Hi all,

I’m trying to fit a simple hierarchical model but keep getting messages warning about a small number of divergent transitions (~ 10) and recommending that I increase `adapt_delta`

. These divergent transitions appear below the pairs() diagonal - which the manual suggests may indicate a need for reparameterization. In addition, with just a small sample I’m getting very high run-times. I know this is a small number of divergent transition, but combined with a long runtime my hunch is that I’m just not writing the model correctly and wondering if anyone has better suggestions.

I’ve attached a reproducible example. The model is as follows:

I have i=1, \dots, n subjects over time t=1, \dots, 24. For each subject, i record measurements on 5 outcomes, \{y_{1it}, \dots, y_{5it} \}. I also have a subject-level treatment indicator, A_i. The goal is to estimate an overall treatment effect, \delta^*, as well as outcome-specific treatment effects, \{\delta_k\}_{k\in1:5}, while building in the prior belief that the outcome-level treatment effects are distributed around a common overall treatment effect.

y_{itk} \sim N \Big( \alpha_i + \beta + \delta_k A_i, \phi_k \Big) for k=1, \dots, 5

The \alpha_i are subject-level random effects. I have a common intercept \beta for now - but will let this vary with k eventually.

For priors, I have that

\delta_k \sim N( \delta^*, \phi_\delta )

With a Normal hyper-prior on \delta^* and half-Cauchy on \phi_\delta. The full Stan model is:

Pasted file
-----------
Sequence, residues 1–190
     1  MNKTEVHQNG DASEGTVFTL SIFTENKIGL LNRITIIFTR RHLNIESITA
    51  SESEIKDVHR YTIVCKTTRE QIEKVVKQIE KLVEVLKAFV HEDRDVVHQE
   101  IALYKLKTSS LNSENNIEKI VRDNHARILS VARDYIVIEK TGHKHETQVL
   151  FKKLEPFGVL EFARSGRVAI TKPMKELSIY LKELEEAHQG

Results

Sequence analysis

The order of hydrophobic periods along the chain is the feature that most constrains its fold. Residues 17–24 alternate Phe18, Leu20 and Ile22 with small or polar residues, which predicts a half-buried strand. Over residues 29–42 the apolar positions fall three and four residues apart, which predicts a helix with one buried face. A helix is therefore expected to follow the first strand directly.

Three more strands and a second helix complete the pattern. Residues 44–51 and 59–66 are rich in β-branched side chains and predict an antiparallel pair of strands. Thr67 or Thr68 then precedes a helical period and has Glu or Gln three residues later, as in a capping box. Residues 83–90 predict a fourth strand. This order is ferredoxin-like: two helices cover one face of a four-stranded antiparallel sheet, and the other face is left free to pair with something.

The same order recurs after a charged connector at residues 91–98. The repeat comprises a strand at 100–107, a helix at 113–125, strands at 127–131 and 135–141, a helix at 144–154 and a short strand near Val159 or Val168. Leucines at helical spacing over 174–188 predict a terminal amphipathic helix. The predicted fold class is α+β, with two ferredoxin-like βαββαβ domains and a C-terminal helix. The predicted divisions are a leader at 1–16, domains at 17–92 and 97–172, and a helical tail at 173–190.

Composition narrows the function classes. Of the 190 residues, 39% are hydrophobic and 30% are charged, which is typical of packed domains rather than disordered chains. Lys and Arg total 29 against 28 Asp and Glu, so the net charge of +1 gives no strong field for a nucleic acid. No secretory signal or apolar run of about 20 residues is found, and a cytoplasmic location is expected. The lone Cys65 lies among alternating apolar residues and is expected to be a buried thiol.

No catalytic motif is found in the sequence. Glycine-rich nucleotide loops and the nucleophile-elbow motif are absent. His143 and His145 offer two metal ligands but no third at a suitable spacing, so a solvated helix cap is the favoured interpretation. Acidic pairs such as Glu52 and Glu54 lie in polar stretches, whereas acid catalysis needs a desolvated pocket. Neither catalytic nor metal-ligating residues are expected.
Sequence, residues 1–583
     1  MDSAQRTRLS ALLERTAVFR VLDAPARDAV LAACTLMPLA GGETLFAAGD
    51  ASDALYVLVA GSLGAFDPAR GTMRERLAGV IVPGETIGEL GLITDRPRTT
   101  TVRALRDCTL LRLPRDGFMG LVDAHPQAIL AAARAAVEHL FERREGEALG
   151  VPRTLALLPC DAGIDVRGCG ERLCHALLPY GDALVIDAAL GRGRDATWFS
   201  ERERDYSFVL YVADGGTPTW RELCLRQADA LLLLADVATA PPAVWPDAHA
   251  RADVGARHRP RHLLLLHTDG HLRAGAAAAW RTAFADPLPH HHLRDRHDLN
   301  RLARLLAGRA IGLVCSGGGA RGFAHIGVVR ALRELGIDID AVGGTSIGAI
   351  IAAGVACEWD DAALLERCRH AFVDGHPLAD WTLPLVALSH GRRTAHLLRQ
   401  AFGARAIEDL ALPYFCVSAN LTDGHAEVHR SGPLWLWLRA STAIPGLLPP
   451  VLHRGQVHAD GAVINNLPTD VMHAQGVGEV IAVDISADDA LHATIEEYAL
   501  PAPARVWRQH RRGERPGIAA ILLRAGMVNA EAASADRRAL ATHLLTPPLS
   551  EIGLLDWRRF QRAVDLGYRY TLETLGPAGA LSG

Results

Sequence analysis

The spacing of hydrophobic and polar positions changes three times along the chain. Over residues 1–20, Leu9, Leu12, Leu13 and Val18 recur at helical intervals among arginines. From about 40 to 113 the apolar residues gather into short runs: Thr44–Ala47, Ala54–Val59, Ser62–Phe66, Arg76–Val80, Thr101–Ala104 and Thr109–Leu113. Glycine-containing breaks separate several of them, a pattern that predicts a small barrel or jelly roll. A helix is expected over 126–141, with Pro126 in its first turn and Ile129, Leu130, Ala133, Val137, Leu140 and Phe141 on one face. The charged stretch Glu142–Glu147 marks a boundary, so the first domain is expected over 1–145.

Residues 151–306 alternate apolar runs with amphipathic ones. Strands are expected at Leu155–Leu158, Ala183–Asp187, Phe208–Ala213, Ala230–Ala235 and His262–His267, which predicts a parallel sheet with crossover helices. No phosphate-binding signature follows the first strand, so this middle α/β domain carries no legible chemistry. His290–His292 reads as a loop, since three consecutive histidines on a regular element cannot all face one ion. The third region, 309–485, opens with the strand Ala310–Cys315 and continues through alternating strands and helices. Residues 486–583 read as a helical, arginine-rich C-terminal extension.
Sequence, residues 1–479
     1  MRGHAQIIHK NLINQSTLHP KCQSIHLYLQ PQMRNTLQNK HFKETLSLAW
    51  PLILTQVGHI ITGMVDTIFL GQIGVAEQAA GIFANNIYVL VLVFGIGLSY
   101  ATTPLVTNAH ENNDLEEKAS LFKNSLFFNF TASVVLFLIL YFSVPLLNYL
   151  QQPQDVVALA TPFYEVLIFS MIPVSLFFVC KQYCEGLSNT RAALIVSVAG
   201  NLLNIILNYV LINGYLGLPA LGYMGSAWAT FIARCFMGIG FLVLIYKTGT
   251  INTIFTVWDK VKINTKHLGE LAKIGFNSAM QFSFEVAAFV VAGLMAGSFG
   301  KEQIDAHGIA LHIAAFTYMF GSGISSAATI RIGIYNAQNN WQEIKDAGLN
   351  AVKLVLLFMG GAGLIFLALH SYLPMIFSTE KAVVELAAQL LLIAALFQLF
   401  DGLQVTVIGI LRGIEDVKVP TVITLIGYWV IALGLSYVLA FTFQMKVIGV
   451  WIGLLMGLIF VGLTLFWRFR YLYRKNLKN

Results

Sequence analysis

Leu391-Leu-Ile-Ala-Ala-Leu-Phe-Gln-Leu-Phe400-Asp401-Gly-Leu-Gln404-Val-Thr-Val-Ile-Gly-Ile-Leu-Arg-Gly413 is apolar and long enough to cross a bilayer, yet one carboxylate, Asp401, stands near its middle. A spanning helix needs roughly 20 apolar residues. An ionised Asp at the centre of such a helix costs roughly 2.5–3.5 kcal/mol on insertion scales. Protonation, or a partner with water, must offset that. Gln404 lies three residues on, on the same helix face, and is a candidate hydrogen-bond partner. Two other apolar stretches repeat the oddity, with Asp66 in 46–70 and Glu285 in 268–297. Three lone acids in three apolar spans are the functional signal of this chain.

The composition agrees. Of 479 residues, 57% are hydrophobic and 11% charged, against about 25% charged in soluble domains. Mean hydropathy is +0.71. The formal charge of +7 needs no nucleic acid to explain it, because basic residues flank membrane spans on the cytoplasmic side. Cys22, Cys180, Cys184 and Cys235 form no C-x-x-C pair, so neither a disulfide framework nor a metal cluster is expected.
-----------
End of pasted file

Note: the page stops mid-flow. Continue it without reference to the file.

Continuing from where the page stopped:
```
data {
int<lower=1> Npats;
int<lower=1> N;
int<lower=1> K;
vector<lower=0, upper=1>[N] A;
int<lower=0> id[N];
real y1[N];
real y2[N];
real y3[N];
real y4[N];
real y5[N];
}
parameters {
vector[K] delta_raw;
real delta_star;
real beta ;
vector[Npats] alpha;
vector<lower=0>[K] phi_y;
real<lower=0>phi_alpha;
real<lower=0>phi_delta;
}
transformed parameters{
vector[N] mu1;
vector[N] mu2;
vector[N] mu3;
vector[N] mu4;
vector[N] mu5;
vector[K] delta;
// non-centered parameterization
delta = delta_star + delta_raw*phi_delta;
// compute linear combination for each outcome model
mu1 = alpha[id] + delta[1]*A + beta;
mu2 = alpha[id] + delta[2]*A + beta;
mu3 = alpha[id] + delta[3]*A + beta;
mu4 = alpha[id] + delta[4]*A + beta;
mu5 = alpha[id] + delta[5]*A + beta;
}
model {
phi_delta ~ cauchy(0, 10000);
phi_alpha ~ cauchy(0, 10000);
phi_y ~ cauchy(0, 10000);
alpha ~ normal(0, phi_alpha);
delta_star ~ normal(0, 2000);
delta_raw ~ std_normal();
beta ~ normal(0, 10000);
y1 ~ normal(mu1, phi_y[1]);
y2 ~ normal(mu2, phi_y[2]);
y3 ~ normal(mu3, phi_y[3]);
y4 ~ normal(mu4, phi_y[4]);
y5 ~ normal(mu5, phi_y[5]);
}
```

Even if I simulate a small dataset with n=100 and t=1, \dots, 5, it takes several minutes to run. In reality I’ll have a few thousand observations and dozens of time points. It takes hours to get just 5,000 posterior samples (after 5,000 warmup). If this is just Stan being Stan, that’s fine. But if it’s due to my parameterization, I’d love to my the necessary edits to speed things up.

test_forum.r (1.4 KB) test.stan (1.1 KB)